Recently my minister gave a sermon that explained the concepts of chronos time and kairos time. Chronos time is that time measured by the clock. Kairos time, on the other hand, is the concept of the Lord’s time, which does not correspond to chronos time and may not be measured. Kairos time is metaphysical and beyond human comprehension. This concept goes back at least to Greek times, when it was understood that time could be more than a measured unit.
In our modern age, chronos time is what drives us both at work and home. We constantly confront deadlines, whether imposed by a third-party, our boss, or ourselves. In my profession, for example, the court sets deadlines in litigation for filing lawsuits, filing papers, scheduling these cases for hearings and trials, etc. Clients set deadlines for projects and transactions. My profession also measures my worth, or value, based upon chronos time. For most legal work, the billing unit is tenths of an hour, or six-minute increments of time.
Most jobs are similar in that meeting deadlines and time spent on the job wholly or to some extent measure performance. Scheduling and time commitments are also ubiquitous aspects of personal life. There is always so little time and so much to do. Indeed, in an increasingly busy, complicated and technological world, even “finding time” to be outdoors can be difficult.
In most outdoor sports, chronos time determines victory or measures success. Whether racing against a competitor or directly against the clock, we are competing in chronos time. When we race, we are conscious—usually very conscious—of the passage of time. We wear watches that can keep track of it down to the hundredth of a second, and we time ourselves even in training.
We also, however, can experience kairos-like time in the outdoors. Upon reflection I believe this may be one of the most important reasons those of us who are attracted to the outdoors spend time there. In the outdoors time can become metaphysical. The beauty of outside and our exertion somehow converts ordinary chronos time to kairos-like time or at least may allow us to experience something akin to kairos time.
Reinhold Messner, the great mountain climber who has spent as much time alone in the mountains as anybody, has stated that while climbing his perception of time could become altered. Messner has reported that while climbing he has had conversations with his deceased brother, and that at times when at altitude his entire existence seemed to be reduced to nothing more than a single, breathing lung. Reading through literature, it is apparent that mind-altering or other virtual out-of-body type experiences like this are not that uncommon among extreme outdoor athletes, especially when they are alone and in remote areas. They also almost universally experience kairos-like time.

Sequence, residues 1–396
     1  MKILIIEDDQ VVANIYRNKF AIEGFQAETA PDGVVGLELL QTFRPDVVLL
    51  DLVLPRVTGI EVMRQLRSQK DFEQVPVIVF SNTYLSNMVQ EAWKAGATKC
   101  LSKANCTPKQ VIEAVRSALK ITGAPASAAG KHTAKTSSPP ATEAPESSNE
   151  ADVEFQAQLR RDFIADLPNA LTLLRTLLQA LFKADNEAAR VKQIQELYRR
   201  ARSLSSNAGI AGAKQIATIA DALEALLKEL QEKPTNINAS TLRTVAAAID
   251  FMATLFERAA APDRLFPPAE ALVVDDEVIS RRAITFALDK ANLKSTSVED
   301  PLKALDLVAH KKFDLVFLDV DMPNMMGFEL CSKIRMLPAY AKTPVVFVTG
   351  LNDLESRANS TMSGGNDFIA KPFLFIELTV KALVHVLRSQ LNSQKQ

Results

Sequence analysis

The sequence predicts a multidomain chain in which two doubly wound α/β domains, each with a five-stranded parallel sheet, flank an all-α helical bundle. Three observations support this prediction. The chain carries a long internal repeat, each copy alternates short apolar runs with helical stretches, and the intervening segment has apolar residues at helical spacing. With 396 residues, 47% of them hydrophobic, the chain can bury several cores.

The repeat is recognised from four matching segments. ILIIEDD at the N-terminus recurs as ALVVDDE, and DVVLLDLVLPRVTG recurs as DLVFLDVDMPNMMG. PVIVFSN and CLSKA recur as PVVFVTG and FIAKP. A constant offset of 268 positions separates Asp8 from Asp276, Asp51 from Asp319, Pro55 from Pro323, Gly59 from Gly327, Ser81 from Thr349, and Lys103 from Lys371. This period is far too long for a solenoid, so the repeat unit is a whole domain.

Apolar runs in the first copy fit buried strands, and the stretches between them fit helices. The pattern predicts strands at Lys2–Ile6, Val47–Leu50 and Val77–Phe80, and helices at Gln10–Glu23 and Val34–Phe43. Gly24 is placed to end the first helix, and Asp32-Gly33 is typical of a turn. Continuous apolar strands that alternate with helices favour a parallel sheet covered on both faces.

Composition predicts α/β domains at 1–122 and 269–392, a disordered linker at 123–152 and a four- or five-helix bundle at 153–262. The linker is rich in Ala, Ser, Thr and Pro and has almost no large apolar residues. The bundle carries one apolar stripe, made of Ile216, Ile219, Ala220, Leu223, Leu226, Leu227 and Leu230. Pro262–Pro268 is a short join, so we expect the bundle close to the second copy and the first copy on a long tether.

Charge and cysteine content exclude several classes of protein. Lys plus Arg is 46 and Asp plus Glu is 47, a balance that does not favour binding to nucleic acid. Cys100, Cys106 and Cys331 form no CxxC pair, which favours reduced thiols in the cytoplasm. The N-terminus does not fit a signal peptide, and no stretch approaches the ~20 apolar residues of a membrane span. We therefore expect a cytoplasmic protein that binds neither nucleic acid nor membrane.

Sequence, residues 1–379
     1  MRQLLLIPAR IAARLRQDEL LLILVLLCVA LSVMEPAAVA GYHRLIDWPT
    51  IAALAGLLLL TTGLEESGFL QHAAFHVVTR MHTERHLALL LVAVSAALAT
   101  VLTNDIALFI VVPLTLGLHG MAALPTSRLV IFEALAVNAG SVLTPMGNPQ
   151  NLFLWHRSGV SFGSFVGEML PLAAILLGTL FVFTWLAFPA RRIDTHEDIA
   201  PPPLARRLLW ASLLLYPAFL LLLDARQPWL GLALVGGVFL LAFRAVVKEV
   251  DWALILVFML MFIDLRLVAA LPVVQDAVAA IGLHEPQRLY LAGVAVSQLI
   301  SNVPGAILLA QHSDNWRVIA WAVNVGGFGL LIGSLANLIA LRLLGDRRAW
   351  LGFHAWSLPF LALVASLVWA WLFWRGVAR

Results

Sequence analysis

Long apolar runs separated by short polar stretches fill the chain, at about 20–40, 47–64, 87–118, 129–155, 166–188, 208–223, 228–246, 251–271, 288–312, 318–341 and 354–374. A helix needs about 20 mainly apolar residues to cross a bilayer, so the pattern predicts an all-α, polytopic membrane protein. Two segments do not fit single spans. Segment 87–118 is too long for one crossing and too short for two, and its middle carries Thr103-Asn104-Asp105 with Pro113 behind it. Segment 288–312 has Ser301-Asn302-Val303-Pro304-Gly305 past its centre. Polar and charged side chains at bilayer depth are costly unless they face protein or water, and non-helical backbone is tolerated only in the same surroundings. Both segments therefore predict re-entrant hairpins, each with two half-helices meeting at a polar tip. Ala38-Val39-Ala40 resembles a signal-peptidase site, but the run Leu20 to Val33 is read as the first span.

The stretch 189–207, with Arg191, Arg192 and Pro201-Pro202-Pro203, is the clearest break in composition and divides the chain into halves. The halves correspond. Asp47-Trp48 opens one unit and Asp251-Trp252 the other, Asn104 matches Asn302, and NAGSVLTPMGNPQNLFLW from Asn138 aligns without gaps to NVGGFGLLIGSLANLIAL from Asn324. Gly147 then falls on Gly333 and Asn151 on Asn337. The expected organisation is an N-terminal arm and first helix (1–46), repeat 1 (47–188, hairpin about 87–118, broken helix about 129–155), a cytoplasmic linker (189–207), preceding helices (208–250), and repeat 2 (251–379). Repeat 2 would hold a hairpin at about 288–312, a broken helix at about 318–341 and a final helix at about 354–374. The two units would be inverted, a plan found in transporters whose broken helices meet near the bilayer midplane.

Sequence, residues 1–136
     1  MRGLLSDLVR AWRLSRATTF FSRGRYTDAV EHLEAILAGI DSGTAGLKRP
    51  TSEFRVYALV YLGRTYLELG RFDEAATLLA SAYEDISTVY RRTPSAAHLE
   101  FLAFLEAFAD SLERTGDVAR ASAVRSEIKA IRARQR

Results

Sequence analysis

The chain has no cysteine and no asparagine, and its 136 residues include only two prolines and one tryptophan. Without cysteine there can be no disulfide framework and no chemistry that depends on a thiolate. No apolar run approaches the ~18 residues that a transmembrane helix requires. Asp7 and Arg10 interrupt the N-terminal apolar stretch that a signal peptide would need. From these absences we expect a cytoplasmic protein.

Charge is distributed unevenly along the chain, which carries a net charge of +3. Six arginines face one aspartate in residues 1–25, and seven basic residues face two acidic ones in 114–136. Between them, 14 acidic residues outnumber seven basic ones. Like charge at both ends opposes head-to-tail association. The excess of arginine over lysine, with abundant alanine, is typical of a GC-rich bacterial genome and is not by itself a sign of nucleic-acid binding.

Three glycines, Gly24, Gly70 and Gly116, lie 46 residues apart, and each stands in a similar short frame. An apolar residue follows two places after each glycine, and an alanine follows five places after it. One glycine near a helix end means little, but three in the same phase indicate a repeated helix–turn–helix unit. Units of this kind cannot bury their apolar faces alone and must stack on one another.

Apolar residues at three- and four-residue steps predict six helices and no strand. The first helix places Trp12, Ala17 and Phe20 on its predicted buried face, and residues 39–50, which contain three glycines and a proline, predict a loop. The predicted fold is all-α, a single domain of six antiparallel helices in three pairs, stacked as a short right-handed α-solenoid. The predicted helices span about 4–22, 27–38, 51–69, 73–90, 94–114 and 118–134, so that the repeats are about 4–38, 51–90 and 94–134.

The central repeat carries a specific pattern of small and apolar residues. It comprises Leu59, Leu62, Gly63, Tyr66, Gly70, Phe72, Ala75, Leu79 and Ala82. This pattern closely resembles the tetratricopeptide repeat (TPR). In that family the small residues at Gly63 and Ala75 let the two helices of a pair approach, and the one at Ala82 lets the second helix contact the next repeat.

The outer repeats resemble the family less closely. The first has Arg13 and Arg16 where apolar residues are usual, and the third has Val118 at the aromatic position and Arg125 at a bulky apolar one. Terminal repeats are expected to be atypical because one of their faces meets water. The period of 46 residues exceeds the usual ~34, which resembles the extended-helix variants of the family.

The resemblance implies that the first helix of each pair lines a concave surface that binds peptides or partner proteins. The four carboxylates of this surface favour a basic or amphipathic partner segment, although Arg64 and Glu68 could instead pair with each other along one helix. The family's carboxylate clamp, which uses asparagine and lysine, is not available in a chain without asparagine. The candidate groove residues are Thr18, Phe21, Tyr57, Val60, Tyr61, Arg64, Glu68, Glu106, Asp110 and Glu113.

A friend of mine who hiked the entire Appalachian Trail once told me that his journey completely altered the way he experienced and viewed time. “Time was meaningless for me on the trail,” he told me. This was one of the most memorable and important experiences of his 2000+ mile journey. When I run, time may become slower and faster—sometimes simultaneously. Time can seem to palpably slow as my mind relaxes, clears and yet races through thought. For example, I wrote this entire essay in my mind within a one mile section of the Virginia Creeper Trail while running.
When we get in “the zone”—and all endurance athletes know what this means—time as we ordinarily experience it is altered or may even seem to stop altogether. In “the zone” there is a zen-like state of mind, feelings of a sort of euphoria, and temporal freedom. Our mind relaxes until there is only the pleasantly repetitive, meditative stride while hiking or running. While cycling, there is only the trance-like pedaling cadence, legs “ticking like a metronome,” as the saying goes. We don’t always achieve this state of mind on every outing, however when we do it is a truly transcendent experience. It’s part what keeps us coming back to these activities.
“The zone” has been extensively studied by scientific experts, and its cause is not well understood. One possible yet inconclusive theory is that it is somehow related to the endocannabinoid system. Like “the zone,” the phenomenon of kairos-like time in the outdoors has not been scientifically explained. Are these experiences merely a perception resulting from the mind-altering physiological effects of exercise in the outdoors, an endorphin-induced high no different from the effects of a drug? Is our perception simply the calming effect of being in nature? Or is the different kind of time experienced in the outdoors not just a perception, but a reality: Perhaps the closest we can come to appreciating an actual ordered yet unmeasured kind of time like kairos?
I am thankful for time spent outdoors. There usually is not any analysis of it, though. When I come back later than planned from a bike ride, run or hike and my wife asks what happened, I don’t get into a religious, spiritual or philosophical discussion with her. I just shrug my shoulders and tell her, quite honestly, “I guess I just lost track of time.”